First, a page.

In a recent interview with HelloCare, Janet Anderson, the head of the Aged Care Quality and Safety Commission, spoke candidly about how recent changes that were made to the residential aged care quality standards provided a shift in focus, and would now place more importance on a residents preferences regarding their own care. 

While this has been welcome news for the majority of Australians, there can be no doubt that this will add further complication to an environment that was already struggling to cope with expectation, because added choice, also means added risk. 

A number of aged care providers are currently in the midst of finding the right balance between safety and encouraging their residents to exercise personal freedoms, and one subject that has become a recurring theme is the risk associated with elderly aged care residents wanting to lock their doors. 

Surprisingly, there are currently no solid rules or regulations regarding door locking in residential aged care facilities, and a statement provided by the Department Of Health highlights why some providers are currently struggling to navigate this issue.

“The issues surrounding whether residents are able to lock their doors in residential aged care is a complex matter. This is a matter for aged care providers to negotiate with consumers individually, taking into account any risks and any relevant jurisdictional laws, and the consumer’s needs and preferences.”

There are a number of different methods currently being used by aged care providers to combat this issue, all of which come with their own varying degrees of risk and impact on a resident’s personal privacy.

Some providers allow residents to lock their doors but provide staff with a key in case of emergency, others allow residents to lock their doors but only provide keys to certain staff members, some facilities have locks but will only lock the doors when a resident will be away from their room for an extended period of time, and there are even some providers who don’t have locks on their doors at all.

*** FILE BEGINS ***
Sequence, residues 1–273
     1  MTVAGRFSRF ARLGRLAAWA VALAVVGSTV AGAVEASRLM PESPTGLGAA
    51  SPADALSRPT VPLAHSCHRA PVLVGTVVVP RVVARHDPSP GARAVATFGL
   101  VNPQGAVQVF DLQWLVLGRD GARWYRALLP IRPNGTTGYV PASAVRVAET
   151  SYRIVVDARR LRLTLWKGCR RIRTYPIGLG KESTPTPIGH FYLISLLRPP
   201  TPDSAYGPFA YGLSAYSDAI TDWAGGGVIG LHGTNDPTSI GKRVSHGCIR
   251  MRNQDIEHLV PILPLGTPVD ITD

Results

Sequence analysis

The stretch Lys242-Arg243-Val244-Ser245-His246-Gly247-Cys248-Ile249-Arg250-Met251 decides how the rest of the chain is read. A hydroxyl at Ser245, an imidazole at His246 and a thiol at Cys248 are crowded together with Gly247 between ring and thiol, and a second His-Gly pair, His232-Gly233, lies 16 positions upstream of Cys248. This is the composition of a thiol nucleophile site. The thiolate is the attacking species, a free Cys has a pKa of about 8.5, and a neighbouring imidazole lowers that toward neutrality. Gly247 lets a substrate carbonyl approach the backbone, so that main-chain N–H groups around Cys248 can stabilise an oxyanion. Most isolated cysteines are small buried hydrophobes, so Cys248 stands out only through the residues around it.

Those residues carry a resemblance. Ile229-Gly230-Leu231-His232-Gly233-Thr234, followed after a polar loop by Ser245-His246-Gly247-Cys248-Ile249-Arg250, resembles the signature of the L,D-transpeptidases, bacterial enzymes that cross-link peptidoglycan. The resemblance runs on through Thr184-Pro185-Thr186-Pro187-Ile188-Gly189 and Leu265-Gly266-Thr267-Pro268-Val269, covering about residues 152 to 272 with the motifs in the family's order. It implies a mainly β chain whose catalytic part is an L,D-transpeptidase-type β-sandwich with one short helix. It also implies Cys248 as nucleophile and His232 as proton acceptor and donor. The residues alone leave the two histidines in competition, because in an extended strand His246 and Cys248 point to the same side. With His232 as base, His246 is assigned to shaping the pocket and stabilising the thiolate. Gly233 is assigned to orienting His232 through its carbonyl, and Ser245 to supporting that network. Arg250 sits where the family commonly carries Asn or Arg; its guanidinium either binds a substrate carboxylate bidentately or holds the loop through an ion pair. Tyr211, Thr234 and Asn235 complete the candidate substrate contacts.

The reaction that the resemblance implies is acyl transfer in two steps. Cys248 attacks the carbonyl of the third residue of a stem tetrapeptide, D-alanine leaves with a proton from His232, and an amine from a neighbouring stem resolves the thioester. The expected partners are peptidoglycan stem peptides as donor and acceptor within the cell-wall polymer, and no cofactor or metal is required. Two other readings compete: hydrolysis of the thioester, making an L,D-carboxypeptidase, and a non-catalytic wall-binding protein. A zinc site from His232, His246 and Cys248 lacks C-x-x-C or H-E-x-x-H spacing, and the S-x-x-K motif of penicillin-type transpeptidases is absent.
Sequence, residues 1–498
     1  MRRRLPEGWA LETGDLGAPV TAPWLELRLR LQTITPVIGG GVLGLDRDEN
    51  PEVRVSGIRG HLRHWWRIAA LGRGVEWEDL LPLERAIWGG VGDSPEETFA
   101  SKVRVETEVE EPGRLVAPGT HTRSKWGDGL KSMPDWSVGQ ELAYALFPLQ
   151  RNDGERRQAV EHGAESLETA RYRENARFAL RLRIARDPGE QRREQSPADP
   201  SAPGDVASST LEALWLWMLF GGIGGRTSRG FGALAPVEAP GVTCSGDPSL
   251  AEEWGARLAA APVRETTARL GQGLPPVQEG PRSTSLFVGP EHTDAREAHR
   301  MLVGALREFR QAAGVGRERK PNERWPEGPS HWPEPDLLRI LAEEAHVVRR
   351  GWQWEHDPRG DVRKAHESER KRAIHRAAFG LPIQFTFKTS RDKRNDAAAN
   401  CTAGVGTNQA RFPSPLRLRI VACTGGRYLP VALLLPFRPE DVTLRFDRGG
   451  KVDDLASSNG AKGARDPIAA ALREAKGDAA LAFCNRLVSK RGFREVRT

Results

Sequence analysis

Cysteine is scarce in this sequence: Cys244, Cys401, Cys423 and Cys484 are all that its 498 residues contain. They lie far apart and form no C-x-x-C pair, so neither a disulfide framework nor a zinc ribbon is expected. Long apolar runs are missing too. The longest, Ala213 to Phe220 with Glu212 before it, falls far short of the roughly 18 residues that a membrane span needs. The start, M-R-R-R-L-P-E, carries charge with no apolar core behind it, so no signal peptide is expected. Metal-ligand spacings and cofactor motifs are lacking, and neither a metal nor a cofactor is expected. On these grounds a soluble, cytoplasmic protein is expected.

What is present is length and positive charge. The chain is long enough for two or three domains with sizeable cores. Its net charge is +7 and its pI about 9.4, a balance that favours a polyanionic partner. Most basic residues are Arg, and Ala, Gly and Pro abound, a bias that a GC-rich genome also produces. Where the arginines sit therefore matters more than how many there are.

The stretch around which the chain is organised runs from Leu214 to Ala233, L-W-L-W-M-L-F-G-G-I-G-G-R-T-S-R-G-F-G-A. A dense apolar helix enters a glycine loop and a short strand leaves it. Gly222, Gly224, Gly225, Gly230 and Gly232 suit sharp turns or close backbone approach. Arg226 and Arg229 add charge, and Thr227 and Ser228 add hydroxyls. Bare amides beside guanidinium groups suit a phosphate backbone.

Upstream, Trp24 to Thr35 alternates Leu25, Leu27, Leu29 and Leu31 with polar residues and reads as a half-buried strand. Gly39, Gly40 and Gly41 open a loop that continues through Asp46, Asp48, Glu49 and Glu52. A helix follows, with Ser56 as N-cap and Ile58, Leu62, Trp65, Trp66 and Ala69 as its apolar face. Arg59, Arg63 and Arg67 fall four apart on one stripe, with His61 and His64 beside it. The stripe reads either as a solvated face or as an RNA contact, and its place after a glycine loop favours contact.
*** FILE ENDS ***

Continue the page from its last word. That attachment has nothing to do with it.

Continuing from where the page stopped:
Privacy is a large part of an individual’s personal freedom, and living in a shared community environment like an aged care facility can provide limited opportunity for private time – but is privacy more important than the potential of risk and ensuring safety? And if so, who should make that call?

Emeritus Professor from La Trobe University, Rhonda Nay, has dedicated a lifetime to improving the care outcomes for elderly Australians, and according to Rhonda, the best way to approach this issue is trialing it.

“I think it’s entirely appropriate that residents can lock their doors provided they have the capacity to unlock them and get out,” said Rhonda.

“You can trial it and ask the person to see if they can get themselves out, obviously you don’t want them locked in there if they can’t get out. Every home has a master key so if there was a fire and you really had to get in you could, but your everyday normal person couldn’t walk in if that resident was having sex or something.”

“People have the right to do whatever they want in their own room, and provided they have demonstrated that they can get out, then I don’t see any problem with someone wanting to lock their door.”

Despite the seemingly simple nature of the request, a locked door could prove to be the difference between life and death in some situations.

In the event of a fall or medical emergency, an open door increases the chances of drawing attention to a problem, while a locked door could result in a resident not being found until someone comes knocking.

Despite the potential severity of the outcomes in these types of situations, Professor Nay believes that the dignity of choice should always be upheld as long as the resident or their appointed guardian can accept the risk involved.

“There is a dignity associated with choices at any age. These choices must be respected and supported as far as possible. Common sense and clinical judgment have to be used.  Before taking risks the person needs to know possible adverse consequences and accept them,” said Rhonda.

“Privacy is a real issue in aged care at the moment. The level of privacy provided to aged care residents is poor, there might be signs saying ‘please knock before you enter’ but then, there are a lot of staff who knock and go straight in – and this can take a toll on a person’s dignity.”

“People with dementia have varying of dementia can have varying degrees of ability to make choices and I think that we need to maximise their capacity for choice and to have a voice regarding what happens to them.”

Choice and voice are the two number one concerns for elderly people. They want to have a voice regarding what happens to them and they don’t want other people deciding what is best for them, and that applies to dementia – their motto is ‘nothing about us, without us.’

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